Since the begining of the pandemic many in the Kickstarter world have learned about the shipping crisis the world is currently facing. With shipping costing more and more for games and many games having delays due to shipping over the past year less people are looking at Kickstarter to buy games. However, one trend that has grown to combat this; The Print & Play boardgame.
Last November Postmark Games from Matthew Dunstan and Rory Muldoon launched a campaign to fund Voyages, a game that requires a few dice and an A4 sheet to play. Postmark Games decided to run the campaign where backers don’t receive any physical rewards, they get access to a digital file which they can then print off at home. It was by no means the first print & play campaign on Kickstarter but it was the first that caught my eye for the amount of traction it got. Designed by Dunstan, a Spiel des Jahres nominated designer, it quickly got a lot of backers and eventually ended with over twelve thousand. Since the success of Voyages, there have also been many other successful print and play campaigns such as Sunshine City by Peter C. Hayward and Aquamarine once again from Postmark Games, both raising over $25000.
The two campaigns from Postmark Games and Sunshine City all highlight how environmentally friendly this approach is. There is no energy or resources spent manufacturing the games components (How many dice does someone actually need to own anyway?). The game is also not manufactured in one place and then loaded onto ships and trains and trucks to be delivered all over the world. Sunshine City even encourage players to not print the game and just load the file onto your tablet or computer and play it digitally.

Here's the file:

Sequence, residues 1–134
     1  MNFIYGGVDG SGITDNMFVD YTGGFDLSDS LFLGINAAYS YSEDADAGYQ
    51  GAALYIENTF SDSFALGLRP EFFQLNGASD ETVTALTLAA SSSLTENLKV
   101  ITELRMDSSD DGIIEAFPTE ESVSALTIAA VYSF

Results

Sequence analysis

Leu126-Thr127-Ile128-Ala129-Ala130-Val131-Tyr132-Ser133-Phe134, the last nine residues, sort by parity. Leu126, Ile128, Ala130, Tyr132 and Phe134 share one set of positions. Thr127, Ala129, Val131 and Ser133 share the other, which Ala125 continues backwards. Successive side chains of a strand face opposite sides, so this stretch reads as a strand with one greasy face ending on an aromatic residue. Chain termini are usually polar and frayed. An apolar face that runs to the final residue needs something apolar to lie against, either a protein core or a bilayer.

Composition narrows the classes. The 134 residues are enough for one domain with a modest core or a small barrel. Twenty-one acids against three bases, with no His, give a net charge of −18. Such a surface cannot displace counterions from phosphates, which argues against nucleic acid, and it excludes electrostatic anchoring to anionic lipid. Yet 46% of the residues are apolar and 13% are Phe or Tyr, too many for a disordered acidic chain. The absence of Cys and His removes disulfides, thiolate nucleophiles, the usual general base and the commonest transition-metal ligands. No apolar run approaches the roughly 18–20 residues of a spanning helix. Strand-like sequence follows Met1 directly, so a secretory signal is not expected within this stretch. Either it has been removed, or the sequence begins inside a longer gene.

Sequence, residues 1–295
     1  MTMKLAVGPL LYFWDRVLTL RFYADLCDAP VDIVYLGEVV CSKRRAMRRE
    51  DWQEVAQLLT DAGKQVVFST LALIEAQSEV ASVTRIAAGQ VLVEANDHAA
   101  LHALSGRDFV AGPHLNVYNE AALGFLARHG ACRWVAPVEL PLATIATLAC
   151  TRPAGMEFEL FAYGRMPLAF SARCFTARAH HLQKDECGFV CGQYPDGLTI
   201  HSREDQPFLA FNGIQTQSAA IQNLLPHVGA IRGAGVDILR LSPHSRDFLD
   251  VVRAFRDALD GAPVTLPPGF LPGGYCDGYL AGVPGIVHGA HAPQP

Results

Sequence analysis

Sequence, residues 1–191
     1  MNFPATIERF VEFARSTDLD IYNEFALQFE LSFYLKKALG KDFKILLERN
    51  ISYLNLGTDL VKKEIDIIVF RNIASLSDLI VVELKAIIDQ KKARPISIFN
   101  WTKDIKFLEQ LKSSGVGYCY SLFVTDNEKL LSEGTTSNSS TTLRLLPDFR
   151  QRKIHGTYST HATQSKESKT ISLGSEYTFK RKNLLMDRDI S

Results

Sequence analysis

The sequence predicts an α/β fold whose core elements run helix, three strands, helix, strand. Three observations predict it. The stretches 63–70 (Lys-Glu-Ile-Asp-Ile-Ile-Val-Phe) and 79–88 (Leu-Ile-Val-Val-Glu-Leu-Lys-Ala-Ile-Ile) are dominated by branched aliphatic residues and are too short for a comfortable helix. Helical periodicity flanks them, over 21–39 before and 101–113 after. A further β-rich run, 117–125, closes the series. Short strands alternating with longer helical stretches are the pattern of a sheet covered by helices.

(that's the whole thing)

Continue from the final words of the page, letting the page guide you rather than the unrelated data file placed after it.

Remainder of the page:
This model doesn’t only save the environment though, it also saves money. There is no longer any production cost or distribution cost. You simply make a digital file, upload it online and then give your customers access to the file. For consumers this is also hugely beneficial, you no longer need to wait for the game to be produced and then delivered to your door you simply just get it the instant it is ready from the publisher. With all of this most of these games are offered at an incredibly reduced price, most ranging from $5 to $10 and for those who primarily shop on Kickstarter there is 0 VAT and 0 shipping costs to be paid.
I can only see this becoming more and more popular, especially as Postmark Games seem committed to bringing more Print & Play games in the future. Right now on there are also 4 other live print and play Kickstarters. All have reached their target goal and all have in excess of 100 backers. If you are a game designer and all the work of production and logistics seem overwhelming then I would definitely reccommend looking into running a print and play campaign, after all who needs shipping when we have the internet?